Thursday, May 24, 2007

Delayed Killer Whale Recovery Strategy

After nearly a year of unlawful delays, the latest caused by the Canadian military, environmental groups issued a warning to Fisheries and Oceans Canada (DFO) today to release the Recovery Strategy for BC's famous resident killer whales, or face a lawsuit. The Southern Resident Killer Whales are an endangered species under Canada's Species at Risk Act (SARA). Under SARA a team of marine scientists was tasked with creating a science-based plan that identifies habitat, conservation threats, and recovery recommendations. For the last year, DFO has blocked the release of the Team's Recovery Strategy, which DFO was legally required to release by June 1, 2006. Additionally, according to a Canadian military document, the Department of National Defence (DND) is trying to downplay and re-write scientists' concerns over military sonar threats to killer whales in BC waters. The Canadian military conducts sonar testing in the whales' habitat, often in joint operations with the US Navy. "Even the military acknowledges that sonar threatens whales with harm," said Christianne Wilhelmson of Georgia Strait Alliance. "The military must stop interfering with this science-based Recovery Strategy, and we call on the Canadian government to release it immediately." As an example of DND efforts to weaken the Recovery Strategy, it wants to remove the scientists' recommendation that new laws to reduce injury to killer whales from sonar testing be considered. The military is arguing that Canadian and American naval vessels operating in Canadian waters should not be bound by sonar-specific regulations. "Military objectives have no place in a killer whale recovery strategy," said Gwen Barlee of the Wilderness Committee. "If battleships trump science we won't be able to recover this species. "The Species at Risk Act requires Recovery Strategies to follow strict timelines to protect endangered species, to discourage bureaucrats from talking endlessly while a species faces extirpation," said Lara Tessaro of Sierra Legal. "DFO delays risk not only the Killer Whales, but many endangered marine mammals and fish as well." The environmental groups have sent DFO a letter, threatening to file a lawsuit if DFO does not release the Resident Killer Whale Recovery Strategy by June 4, 2007.

Canadian News Wire

1 comment:

aquagreen said...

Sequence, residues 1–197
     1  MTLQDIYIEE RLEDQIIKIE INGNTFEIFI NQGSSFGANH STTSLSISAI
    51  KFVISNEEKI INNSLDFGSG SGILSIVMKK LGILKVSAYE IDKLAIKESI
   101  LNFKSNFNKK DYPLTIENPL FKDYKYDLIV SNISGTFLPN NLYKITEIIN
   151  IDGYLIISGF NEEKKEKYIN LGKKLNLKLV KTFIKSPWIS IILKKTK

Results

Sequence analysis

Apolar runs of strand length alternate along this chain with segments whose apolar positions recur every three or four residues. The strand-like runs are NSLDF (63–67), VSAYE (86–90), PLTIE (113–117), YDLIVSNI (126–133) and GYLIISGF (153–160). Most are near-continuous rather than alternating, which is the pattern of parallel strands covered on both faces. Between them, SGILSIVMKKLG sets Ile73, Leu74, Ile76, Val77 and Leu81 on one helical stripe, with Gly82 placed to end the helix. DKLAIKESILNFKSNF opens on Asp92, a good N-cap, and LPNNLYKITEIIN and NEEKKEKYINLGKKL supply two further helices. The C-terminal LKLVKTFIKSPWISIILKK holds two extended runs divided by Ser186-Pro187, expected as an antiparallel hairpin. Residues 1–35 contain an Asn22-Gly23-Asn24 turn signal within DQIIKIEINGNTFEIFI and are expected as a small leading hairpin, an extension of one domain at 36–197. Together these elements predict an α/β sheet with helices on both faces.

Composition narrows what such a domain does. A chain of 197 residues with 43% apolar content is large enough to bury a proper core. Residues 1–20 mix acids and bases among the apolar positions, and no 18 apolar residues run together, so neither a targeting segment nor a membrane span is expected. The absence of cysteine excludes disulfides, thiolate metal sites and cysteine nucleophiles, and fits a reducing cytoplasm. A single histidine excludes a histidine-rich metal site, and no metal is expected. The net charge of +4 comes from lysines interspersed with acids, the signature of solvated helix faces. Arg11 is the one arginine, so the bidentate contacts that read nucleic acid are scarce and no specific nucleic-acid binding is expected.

British Columbian environmental groups called off plans to sue the Canadian government after it released a recovery strategy for killer whales Tuesday, about a year later than originally planned. The Canadian plan calls for ensuring that resident killer whales in Puget Sound and off Vancouver Island have an adequate and accessible food supply, reducing chemical and biological pollution, keeping human activities from disturbing the orcas and protecting their critical habitat. The report promises more specifics within two years of the Ministry of Fisheries and Oceans accepting the plan. Canadian environmental groups praised the strategy for identifying specific whale habitat that needs protection. "Without this important part of the strategy, the future of the species would have truly been in doubt," said Christianne Wilhelmson of Georgia Strait Alliance. She said action can now be taken to address pollution, noise and human interference in identified whale habitats. The Canadian strategy covers Puget Sound's southern resident orcas as well as threatened killer whales that spend most of their time north of Vancouver Island. The U.S. government issued its own killer whale recovery plan in November 2006, after listing Puget Sound's resident killer whale population as an endangered species in November 2005. The U.S. plan focuses on supporting salmon restoration, cleaning contaminated sites in Puget Sound, reducing pollution, evaluating and improving guidelines for vessel traffic in and around protected areas, preventing oil spills, and improving response plans should spills occur. The National Marine Fisheries Service also designated critical habitat for the orcas: an area covering about 2,500 square miles, encompassing part of Haro Strait and the waters around the San Juan Islands, the Strait of Juan de Fuca and all of Puget Sound.